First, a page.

Does Your Life Have Meaning?

“The meaning of life does not consist in what we make of it, but in what God makes of it. Success is not about achievement or what we make of ourselves. It’s about placement, or what God makes of us.”

I do not know the author of these words. I received them in the content of a devotional published by Open Doors USA. The devotional celebrated the life of a man whom

many in today’s secular world would consider a failure. This man, R. J. Thomas, took a load of Bibles to Korea in the nineteenth century when Korea was a closed country—closed to commerce, closed to missionaries, closed to anything from outside Korea. The Bible had not yet been translated into Korean, so Mr. Thomas gathered up Bibles in Chinese, knowing that many educated Koreans would be able to read them.

Mr. Thomas succeeded in entering Korea, but before he could even open his mouth to share Jesus, he was killed, and his Bibles were scattered all over the riverbank where he died. Resourceful Koreans gathered up the Bibles, and used their pages to cover the walls of houses. What more ignominious outcome could be imagined for the Holy Bible?

Yet, because those pages were exposed to everyone who passed by those houses, Korean scholars saw the pages and stopped to read them. As Mr. Thomas had anticipated, educated Koreans were often educated to read Chinese. One of the scholars who read those pages on the wall of a humble cottage believed what he read, and he became a Christian. It was the beginning of Christianity in Korea. Since the division of the country in 1945, Christianity is a powerful presence and a palpable force in the society of South Korea. Christians in North Korea suffer at the hands of the Communist government, making this nation’s the most dangerous place on earth for Christians.

R. J. Thomas died a failure in the eyes of the world, but his faithful response to God’s call to take scripture to Korea produced consequences no human could have imagined. R. J. Thomas did not make much of his life by secular human standards, because his life was taken from him, but God made much of his life in the Korean peninsula. God used Mr. Thomas’s faithfulness in taking the Scripture he had, and God used the opportunity Mr. Thomas grabbed, and God used the imagination of Koreans who unwittingly put those Scripture pages in full view of people who could read them. There is no faithful response to opportunity that God cannot use.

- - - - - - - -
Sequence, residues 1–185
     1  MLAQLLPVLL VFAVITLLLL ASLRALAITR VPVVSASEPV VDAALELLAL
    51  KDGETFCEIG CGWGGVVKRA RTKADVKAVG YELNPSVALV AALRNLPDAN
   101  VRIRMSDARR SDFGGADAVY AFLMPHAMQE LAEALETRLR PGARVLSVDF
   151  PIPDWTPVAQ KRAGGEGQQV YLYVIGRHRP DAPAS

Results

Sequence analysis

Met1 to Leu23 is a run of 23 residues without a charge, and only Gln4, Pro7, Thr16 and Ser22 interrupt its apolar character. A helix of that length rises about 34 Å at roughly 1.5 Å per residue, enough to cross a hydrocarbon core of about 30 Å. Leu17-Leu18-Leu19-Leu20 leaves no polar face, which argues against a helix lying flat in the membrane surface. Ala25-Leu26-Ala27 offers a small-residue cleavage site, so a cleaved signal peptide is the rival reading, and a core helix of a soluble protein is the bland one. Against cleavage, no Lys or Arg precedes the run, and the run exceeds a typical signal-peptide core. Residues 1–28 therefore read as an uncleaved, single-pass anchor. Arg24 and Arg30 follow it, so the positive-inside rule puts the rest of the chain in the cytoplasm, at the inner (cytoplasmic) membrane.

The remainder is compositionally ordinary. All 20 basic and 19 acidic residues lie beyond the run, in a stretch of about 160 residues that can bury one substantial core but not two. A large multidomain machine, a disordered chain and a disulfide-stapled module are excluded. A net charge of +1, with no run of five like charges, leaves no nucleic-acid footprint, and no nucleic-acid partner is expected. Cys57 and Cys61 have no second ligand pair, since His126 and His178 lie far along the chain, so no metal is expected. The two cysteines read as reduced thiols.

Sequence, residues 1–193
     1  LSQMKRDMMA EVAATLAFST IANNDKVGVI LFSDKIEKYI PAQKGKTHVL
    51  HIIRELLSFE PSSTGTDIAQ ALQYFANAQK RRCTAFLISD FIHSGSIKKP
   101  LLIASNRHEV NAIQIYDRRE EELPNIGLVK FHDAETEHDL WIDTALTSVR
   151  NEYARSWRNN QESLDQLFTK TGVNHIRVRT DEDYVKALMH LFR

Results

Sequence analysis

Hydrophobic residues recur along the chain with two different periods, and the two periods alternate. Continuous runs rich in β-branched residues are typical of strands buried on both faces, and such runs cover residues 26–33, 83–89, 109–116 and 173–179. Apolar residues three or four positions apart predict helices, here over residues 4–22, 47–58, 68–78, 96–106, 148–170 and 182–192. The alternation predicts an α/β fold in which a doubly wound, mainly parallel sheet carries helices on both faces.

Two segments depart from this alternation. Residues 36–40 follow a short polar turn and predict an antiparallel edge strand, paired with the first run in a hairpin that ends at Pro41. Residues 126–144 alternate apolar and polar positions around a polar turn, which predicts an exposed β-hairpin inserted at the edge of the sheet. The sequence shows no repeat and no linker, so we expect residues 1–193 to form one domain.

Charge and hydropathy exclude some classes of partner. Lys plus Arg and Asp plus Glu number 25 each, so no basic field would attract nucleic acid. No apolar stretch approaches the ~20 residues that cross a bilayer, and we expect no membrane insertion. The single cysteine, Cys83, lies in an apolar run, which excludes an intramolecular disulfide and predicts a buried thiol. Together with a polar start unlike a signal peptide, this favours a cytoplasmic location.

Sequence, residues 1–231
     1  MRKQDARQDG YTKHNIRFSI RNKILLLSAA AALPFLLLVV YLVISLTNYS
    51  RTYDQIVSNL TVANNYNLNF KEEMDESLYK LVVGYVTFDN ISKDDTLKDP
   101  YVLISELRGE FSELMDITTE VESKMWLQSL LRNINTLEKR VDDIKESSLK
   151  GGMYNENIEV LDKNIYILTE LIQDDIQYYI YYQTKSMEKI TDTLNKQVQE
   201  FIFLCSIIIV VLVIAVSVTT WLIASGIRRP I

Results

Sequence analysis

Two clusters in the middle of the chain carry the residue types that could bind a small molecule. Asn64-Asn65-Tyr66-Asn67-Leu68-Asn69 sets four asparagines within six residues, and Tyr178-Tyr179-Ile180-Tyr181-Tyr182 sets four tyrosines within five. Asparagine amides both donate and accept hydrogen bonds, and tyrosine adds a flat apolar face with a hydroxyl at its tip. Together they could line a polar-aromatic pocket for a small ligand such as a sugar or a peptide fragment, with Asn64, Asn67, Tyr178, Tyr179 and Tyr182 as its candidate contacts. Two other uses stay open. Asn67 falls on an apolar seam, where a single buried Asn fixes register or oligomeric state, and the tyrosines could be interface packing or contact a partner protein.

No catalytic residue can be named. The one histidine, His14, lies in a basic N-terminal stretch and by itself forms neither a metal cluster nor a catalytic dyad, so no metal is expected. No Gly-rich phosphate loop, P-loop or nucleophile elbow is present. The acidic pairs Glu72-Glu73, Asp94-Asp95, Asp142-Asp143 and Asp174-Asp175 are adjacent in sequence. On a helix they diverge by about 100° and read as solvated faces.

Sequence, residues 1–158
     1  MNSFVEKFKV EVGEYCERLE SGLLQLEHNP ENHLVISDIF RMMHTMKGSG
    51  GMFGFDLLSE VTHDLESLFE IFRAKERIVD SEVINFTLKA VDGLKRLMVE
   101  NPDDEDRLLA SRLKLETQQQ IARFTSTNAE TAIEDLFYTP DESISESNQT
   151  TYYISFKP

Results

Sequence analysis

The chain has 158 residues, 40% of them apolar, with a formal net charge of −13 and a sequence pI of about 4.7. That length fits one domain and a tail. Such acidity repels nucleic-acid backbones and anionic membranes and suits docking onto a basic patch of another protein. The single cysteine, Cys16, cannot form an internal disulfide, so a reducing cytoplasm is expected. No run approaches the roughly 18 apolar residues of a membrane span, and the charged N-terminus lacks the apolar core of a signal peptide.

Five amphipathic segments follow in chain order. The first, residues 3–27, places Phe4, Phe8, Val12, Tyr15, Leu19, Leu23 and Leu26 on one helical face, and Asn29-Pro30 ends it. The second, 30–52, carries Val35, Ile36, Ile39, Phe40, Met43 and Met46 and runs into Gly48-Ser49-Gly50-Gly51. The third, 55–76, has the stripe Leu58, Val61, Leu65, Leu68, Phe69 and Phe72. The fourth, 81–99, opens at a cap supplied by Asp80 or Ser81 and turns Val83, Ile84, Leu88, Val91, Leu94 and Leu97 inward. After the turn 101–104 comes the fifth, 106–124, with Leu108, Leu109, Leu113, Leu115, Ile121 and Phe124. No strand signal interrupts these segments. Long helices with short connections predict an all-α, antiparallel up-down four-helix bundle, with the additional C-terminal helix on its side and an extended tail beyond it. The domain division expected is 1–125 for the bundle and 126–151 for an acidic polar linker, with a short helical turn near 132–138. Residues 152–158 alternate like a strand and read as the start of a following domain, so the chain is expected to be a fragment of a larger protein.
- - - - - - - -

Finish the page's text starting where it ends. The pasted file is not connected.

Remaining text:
Secular thinkers like to imply there is no limit to what people can accomplish, all by themselves, in the time/space continuum. But common sense makes it clear that there actually are limits to human abilities. God creates everyone with gifts, and Michael Jackson received a double portion of those gifts, but Michael Jackson squandered the gifts God gave him. His life hit a wall, and he died a broken man. His heritage leaves intelligent people wondering what could have happened that a man with so many gifts and opportunities died in such horror. R. J. Thomas gave his own life to God, and he chose to listen to God’s guidance. The violence of R. J. Thomas’s life is a horror, too, but the horror was due to an act much like the satanic dragon’s tail wagging in Revelation when he sweeps a third of the stars out of the sky. That act, like Satan’s murder of R. J. Thomas when he dared to bring God’s holy Word to Korea, a satanic stronghold at the time, is a petulant temper tantrum. Yes, R. J. Thomas died, but his obedience to God’s call bore beautiful fruit in Korea.

The sad truth is that Satan, whose only hope is whatever he can accomplish in this time/space world, managed to wreak further havoc on Korean people when he accomplished the division of North and South Korea. In North Korea, one might almost believe that all the stars have been wiped out, not just a third of them.  On the other hand, South Korea is one of the most vibrant examples of what a people can be when they let themselves be used of God.

To say all this is to say that many people die believing they have been failures if their lives are viewed by human standards. Many Christians would have no score if Google analytics were applied to the work of their lives. Nevertheless, these Christians quietly do the work of God, share Jesus with their neighbors, feed the hungry, comfort the dying, and nurture little children to know and love Jesus as their personal Savior. Nobody knows their names. Nobody gives them banquets or awards or headlines, but Jesus knows who they are.

At the risk of repeating myself, I quote the author of an inspiring Open Doors devotional again:

“The meaning of life does not consist in what we make of it, but in what God makes of it. Success is not about achievement or what we make of ourselves. It’s about placement, or what God makes of us.”

The apostle Paul summed it up when he said, “For me to live is Christ, and to die is gain.” (Philippians 1:21) Today, put your own fame, your purpose, your potential in the hands of a good and loving God. He will do great things.


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